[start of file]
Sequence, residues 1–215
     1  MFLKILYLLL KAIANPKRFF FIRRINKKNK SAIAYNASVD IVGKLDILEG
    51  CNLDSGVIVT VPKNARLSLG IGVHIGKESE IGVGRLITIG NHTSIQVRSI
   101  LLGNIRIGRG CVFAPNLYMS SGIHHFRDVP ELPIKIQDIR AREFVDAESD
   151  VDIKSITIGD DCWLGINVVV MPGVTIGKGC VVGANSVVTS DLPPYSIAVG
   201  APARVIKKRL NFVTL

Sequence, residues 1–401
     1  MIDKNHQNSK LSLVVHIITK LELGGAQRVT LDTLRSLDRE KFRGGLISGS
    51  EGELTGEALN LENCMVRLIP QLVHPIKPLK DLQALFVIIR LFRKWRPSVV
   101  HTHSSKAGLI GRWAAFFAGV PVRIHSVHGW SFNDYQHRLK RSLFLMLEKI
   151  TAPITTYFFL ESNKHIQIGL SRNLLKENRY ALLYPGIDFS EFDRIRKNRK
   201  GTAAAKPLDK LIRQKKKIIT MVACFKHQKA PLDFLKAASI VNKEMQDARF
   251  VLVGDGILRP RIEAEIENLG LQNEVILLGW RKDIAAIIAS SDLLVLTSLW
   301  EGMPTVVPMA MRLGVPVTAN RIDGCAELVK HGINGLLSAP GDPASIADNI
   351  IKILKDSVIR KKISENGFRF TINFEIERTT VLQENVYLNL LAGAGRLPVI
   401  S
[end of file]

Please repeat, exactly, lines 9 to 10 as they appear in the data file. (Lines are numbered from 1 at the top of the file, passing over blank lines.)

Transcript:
    51  EGELTGEALN LENCMVRLIP QLVHPIKPLK DLQALFVIIR LFRKWRPSVV
   101  HTHSSKAGLI GRWAAFFAGV PVRIHSVHGW SFNDYQHRLK RSLFLMLEKI